Seeking an adventure somewhere that wouldn’t be overwhelmingly packed on a holiday weekend, I settled on Costa Rica’s northerly neighbor, Nicaragua. I figured it was close enough to the popular and tourist friendly Central American country to offer some spectacular sights.
Upon landing at the airport in Managua, my friends and I were greeted by the private tour company we hired and made a couple of stops in the colorful, but rather deserted, capital before heading up a mountainside to the Masaya Volcano.
Off the van, we walked toward the crowd to a lookout point that revealed a massive, active volcanic crater. The caldera was deeper than the eye could see, so far down I could not catch a glimpse of lava, only reddish smoke ascending into plumes of brown and gray. The marvelous volcano, only half an hour from Managua, I heard was even more mystifying at night.
Our destination was the Pacific coastal town of San Juan del Sur, but we made a stop along the way at the Islets of Granada and took a peaceful boat ride. The small islands had houses that I imagined belonged to wealthy Nicaraguans, and big trees with monkeys residing. We passed by a boat with two men merrily net fishing, a pleasant reminder of the joys of a simple life.
In the city of Granada, we walked through blocks of Spanish colonial buildings and admired the yellow-and-white neoclassical facade of the Our Lady of the Assumption Cathedral. An hour-and-a-half ride south brought us to San Juan del Sur by evening.
After checking into Hotel La Estación, we walked across the street to Restaurante El Buen Gusto on the beach for dinner. A large fish and lobster tail duo smothered in clams and a creamy sauce cost a fraction of what it would back in California. I paired it with a refreshing, bright purple dragon fruit margarita, then hopped along the restaurants and establishments on Paseo del Rey, the lively street that runs along the sand.
I found my excursion for the next day at an unlikely place, a hostel selling bus tickets to nearby points of interest.
Early the next morning, a friend and I took a 40-minute ride north to San Jorge, where we got tickets for an hour-long ferry to the island of Ometepe, which means, “two mountains.” At first, all we could see ahead of us on Lake Nicaragua was water. Then two peaks appeared in the distance, one taller than the other.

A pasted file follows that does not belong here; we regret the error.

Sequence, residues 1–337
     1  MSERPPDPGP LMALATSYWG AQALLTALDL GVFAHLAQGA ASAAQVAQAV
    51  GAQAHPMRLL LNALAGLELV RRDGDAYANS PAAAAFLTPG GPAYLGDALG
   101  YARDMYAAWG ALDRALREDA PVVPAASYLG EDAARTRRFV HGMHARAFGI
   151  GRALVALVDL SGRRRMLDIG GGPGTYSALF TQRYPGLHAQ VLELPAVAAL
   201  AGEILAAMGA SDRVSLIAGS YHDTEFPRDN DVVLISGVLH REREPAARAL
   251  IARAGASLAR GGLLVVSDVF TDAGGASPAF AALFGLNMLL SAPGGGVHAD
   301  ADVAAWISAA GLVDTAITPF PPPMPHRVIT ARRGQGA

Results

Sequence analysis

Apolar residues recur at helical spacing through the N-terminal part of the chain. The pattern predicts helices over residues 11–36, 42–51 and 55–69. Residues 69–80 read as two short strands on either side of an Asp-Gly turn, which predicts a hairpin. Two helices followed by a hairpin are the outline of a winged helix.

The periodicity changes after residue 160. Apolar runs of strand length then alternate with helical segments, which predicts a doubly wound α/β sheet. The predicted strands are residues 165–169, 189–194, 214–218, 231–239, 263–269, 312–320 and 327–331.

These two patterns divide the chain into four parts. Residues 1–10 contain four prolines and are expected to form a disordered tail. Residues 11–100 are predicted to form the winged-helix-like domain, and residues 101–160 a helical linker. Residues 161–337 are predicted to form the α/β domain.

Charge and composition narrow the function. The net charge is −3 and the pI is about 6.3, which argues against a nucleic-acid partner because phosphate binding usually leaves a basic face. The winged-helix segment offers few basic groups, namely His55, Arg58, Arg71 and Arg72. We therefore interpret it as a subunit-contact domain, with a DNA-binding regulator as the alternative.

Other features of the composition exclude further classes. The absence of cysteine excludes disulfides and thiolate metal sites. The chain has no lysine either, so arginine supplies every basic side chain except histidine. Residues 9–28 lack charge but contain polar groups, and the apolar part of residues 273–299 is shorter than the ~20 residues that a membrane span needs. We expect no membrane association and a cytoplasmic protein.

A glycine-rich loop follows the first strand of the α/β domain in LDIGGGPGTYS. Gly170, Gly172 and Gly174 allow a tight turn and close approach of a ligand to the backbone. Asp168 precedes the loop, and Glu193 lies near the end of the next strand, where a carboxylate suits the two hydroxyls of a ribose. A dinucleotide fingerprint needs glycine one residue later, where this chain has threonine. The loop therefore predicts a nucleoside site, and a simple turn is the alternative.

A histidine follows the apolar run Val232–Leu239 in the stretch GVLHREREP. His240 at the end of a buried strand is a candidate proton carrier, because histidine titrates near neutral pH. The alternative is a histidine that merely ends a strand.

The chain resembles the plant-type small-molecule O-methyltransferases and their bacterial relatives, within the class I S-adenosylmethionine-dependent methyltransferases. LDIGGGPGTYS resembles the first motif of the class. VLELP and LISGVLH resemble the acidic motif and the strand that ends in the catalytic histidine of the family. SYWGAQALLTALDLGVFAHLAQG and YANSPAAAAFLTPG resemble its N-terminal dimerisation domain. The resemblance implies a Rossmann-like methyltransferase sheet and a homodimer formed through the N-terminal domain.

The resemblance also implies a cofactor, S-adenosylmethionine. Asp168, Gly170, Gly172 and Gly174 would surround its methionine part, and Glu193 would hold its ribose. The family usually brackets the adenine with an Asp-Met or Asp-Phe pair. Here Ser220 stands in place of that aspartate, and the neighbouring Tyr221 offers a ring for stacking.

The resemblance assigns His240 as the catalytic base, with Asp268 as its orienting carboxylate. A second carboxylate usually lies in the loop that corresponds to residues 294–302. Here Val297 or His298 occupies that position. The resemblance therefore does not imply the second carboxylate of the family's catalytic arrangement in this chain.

The two volcanoes joined by an isthmus formed the island we set out to explore. We docked at the largest village, Moyogalpa, got a paper map with the main attractions highlighted, and rented a motorbike to find them. The island has only one main road that, as far as we traveled, has space for only one vehicle in each direction.
There was no cell phone reception on the island and street signs were scarce, so we initially overshot the narrow paved path leading to Charco Verde, a large pond with an emerald hue coming from algae. We had a fresh fish lunch by the water then hit the road again for the second must-see stop, Ojo de Agua. The waterhole in the middle of the woods is no ordinary natural spring — it comes from the volcano Maderas. Taking a dip in the volcanic water, with a freshly machete-chopped coconut, I found paradise.
I could have stayed here forever, but I didn’t want to miss what surprise the last sight would bring. It was called Punta Jesus Maria. Getting there wasn’t the easiest — the road went from firm to loose dirt and soil. After passing some outdoor restaurants, we caught a glimpse of water. The further I walked, the narrower the land got, until water currents washed up from either side. To my friend, who stayed further back, I was walking on water.
The moment was all the more magical as the sun began to set. But we had to get back before the last ferry left us. On the boat, looking back at Ometepe as the sky turned bright orange and yellow, I felt I had found the treasure I was after in a trip to unexpected Nicaragua.